Graham accused House Democratic leaders of being beholden to "a fringe element in American politics" because he said they appear to be taking the side of the American Civil Liberties Union, which has sued the government under the Freedom of Information Act to obtain the other photos.

    Noting that President Barack Obama supports the provision along with a large majority in the Senate, Graham said, "The only body that is off-script in my mind is the House. ... Is the ACLU now in charge of the House of Representatives?"

    Lieberman and Graham's threat to halt Senate action is unlikely to affect progress of a bill to allow the Food and Drug Administration to regulate tobacco products. Senators voted Monday to clear the way for final passage either Tuesday or Wednesday.

    This is what I was afraid of - Lieberman always manages to get a death grip on something that is so antithetical to what Democrats are supposed to stand for - and the question is, how long before the Dems give up and the amendment passes?

    To argue against JL (5.00 / 1) (#12)
    by nycstray on Tue Jun 09, 2009 at 09:01:34 PM EST
    maybe this new Pres could also benefit from the photos being released re: preventive detention.

    Sh!t, they now attached it to the FDA bill?!?! Thanks for the heads up. Food safety folks need to know this.

    I'm getting damn sick and tired of these pols. Between my state and DC, I feel like delivering some good swift kicks . . .


    Ah, it's good to hear from her again (none / 0) (#11)
    by Cream City on Tue Jun 09, 2009 at 08:58:48 PM EST
    but she or even a few can't do it alone.  Lieberman only keeps winning when too many Dems are losers.  Let's hope something gives enough of them spines.

    Last I checked, my Rep was holding strong (none / 0) (#13)
    by nycstray on Tue Jun 09, 2009 at 09:07:00 PM EST
    as is Massa. I wonder what Maloney is doing and Murphy in the 20th. I'll have to do some more checking. My Sen let me down, so I'm hoping our reps with spines keep them.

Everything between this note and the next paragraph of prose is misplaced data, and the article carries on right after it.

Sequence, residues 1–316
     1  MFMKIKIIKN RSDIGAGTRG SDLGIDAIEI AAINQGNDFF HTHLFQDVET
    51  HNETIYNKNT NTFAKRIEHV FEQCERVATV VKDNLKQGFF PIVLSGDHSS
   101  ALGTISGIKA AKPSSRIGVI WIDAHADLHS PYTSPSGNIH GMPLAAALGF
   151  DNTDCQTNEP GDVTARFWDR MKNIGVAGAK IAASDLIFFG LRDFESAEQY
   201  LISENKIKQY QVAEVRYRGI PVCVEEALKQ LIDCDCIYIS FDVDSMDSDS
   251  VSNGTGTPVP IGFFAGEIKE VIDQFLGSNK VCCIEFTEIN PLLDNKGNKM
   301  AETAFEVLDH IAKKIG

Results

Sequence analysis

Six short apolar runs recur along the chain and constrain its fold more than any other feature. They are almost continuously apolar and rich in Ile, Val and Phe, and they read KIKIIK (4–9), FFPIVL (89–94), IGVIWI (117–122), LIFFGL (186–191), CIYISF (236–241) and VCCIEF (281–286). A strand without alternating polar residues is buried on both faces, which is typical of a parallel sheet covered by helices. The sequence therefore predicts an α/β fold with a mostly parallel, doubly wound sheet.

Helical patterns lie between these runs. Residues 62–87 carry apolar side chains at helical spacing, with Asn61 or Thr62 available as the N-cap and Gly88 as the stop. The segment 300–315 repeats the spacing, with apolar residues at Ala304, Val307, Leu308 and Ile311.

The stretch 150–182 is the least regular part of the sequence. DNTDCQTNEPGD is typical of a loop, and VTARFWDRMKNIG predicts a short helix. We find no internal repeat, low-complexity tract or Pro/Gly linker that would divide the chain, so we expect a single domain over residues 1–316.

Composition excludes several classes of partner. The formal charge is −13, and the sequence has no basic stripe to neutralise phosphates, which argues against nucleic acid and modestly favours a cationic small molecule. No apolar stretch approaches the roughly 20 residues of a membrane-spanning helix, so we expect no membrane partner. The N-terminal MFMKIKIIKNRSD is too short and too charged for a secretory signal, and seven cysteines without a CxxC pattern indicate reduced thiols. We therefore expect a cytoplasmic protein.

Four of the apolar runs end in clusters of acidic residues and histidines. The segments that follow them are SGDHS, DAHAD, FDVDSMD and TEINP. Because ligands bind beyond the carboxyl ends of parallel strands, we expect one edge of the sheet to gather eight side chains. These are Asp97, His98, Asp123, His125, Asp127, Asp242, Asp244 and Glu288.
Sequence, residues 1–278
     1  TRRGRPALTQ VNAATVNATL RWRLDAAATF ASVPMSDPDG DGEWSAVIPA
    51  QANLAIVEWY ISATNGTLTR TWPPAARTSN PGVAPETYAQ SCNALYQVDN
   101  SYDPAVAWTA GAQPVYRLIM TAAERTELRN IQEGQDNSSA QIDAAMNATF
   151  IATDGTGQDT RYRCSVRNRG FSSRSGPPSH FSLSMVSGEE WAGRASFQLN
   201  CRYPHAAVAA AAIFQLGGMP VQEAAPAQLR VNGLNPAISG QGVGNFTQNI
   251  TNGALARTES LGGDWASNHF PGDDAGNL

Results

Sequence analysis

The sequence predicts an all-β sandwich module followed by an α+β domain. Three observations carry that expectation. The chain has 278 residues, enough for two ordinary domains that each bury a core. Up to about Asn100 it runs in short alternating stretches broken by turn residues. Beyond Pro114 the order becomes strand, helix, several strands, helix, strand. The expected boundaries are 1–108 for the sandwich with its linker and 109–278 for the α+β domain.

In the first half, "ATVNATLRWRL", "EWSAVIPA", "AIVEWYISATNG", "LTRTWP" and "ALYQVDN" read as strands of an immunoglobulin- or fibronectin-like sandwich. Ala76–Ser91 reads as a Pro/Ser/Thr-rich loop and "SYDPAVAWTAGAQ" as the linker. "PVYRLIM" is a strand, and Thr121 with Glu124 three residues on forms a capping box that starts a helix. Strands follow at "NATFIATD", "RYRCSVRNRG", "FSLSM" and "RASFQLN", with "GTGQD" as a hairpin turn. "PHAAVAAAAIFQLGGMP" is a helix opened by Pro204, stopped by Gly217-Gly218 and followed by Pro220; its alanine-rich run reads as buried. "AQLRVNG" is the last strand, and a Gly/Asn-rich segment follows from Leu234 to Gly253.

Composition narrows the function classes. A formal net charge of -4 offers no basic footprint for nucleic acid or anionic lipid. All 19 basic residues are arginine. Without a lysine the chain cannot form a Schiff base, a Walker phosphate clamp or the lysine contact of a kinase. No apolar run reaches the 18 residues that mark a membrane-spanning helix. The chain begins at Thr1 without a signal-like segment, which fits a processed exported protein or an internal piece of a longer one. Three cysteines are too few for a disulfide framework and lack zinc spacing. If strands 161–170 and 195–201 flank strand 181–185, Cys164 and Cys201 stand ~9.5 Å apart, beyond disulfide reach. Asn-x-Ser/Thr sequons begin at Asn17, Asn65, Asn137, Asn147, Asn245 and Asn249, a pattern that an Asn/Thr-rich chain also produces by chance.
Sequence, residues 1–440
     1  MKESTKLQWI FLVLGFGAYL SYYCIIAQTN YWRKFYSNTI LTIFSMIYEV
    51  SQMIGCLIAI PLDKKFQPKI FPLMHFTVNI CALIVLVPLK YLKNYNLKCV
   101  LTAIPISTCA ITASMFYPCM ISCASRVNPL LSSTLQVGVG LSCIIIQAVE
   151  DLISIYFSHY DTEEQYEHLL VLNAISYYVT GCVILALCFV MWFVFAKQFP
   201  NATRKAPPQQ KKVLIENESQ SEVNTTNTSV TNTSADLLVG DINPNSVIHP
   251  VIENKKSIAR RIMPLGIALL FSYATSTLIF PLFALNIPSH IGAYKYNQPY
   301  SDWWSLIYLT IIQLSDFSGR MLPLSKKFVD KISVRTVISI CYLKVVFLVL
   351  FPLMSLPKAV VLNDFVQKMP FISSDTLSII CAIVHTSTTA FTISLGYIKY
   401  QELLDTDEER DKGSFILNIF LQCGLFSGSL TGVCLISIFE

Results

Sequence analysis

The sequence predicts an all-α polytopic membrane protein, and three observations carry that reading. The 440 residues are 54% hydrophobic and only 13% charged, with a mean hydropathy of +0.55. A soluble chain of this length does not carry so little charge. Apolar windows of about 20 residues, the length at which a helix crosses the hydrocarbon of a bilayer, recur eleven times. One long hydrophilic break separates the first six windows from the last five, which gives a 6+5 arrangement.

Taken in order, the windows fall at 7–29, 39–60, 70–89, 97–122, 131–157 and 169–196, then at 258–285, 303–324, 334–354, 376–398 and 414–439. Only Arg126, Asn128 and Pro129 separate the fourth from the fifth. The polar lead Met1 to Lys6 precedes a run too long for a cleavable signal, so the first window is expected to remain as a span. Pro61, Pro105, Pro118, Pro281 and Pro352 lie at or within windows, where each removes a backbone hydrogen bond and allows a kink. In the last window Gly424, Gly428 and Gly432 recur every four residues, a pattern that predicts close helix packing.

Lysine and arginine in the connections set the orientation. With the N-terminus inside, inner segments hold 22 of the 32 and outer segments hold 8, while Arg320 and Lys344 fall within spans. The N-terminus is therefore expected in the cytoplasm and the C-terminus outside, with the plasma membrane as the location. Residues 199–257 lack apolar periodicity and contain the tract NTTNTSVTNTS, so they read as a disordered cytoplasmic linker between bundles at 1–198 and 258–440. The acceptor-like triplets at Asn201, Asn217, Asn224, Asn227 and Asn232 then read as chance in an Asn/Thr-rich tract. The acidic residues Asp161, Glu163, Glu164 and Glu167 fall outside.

Banking regulation (5.00 / 2) (#10)
    by Yman on Tue Jun 09, 2009 at 08:49:49 PM EST
    Looks like the Obama administration is backing away from a major reduction in the number of agencies overseeing the banking industry.

    What I really can't understand is why proper regulation of the banking industry (including revision of banking laws AND restructuring of the oversight agencies) hasn't been a bigger priority.  If they take no action (or incremental measures), who do they think will get blamed if there's another meltdown?

    They're Hoping People... (5.00 / 1) (#14)
    by santarita on Tue Jun 09, 2009 at 09:13:24 PM EST
    and the media have short memories.

    Chrysler is free to be sold (none / 0) (#1)
    by andgarden on Tue Jun 09, 2009 at 08:02:45 PM EST
    Per Curiam:

    The applications for stay presented to JUSTICE GINSBURG and by her referred to the Court are denied. The temporary stay entered by JUSTICE GINSBURG on June 8, 2009, is vacated.

    A denial of a stay is not a decision on the merits of the underlying legal issues.  In determining whether to grant a stay, we consider instead whether the applicant has demonstrated "(1) a reasonable probability that four Justices will consider the issue sufficiently meritorious to grant certiorari or to note probable jurisdiction; (2) a fair prospect that a majority of the Court will conclude that the decision below was erroneous; and (3) a likelihood that irreparable harm will result from the denial of a stay." Conkright v. Fommert, 556 U. S. _, _ (2009) (slip op., at 1-2) (GINSBURG, J., in chambers) (internal quotation marks and alterations omitted).  In addition, "in a close case it may be appropriate to balance the equities," to assess the relative harms to the parties, "as well as the interests of the public at large." Id., at _ (slip op., at 2) (internal quotation marks omitted).

    "A stay is not a matter of right, even if irreparable injury might otherwise result."  Nken v. Holder, 556 U. S. _, _ (2009) (slip op., at 14) (internal quotation marks omitted). It is instead an exercise of judicial discretion, and the "party requesting a stay bears the burden of show- ing that the circumstances justify an exercise of that discretion." Ibid. The applicants have not carried that burden.

    "[T]he propriety of [a stay] is dependent upon the cir- cumstances of the particular case," and the "traditional stay factors contemplate individualized judgments in each case." Ibid. (internal quotation marks omitted).  Our as- sessment of the stay factors here is based on the record and proceedings in this case alone.

    Predictable (5.00 / 1) (#2)
    by Big Tent Democrat on Tue Jun 09, 2009 at 08:07:15 PM EST
    The story I hear about this is the Indiana Governor forced the Pension folks to do this.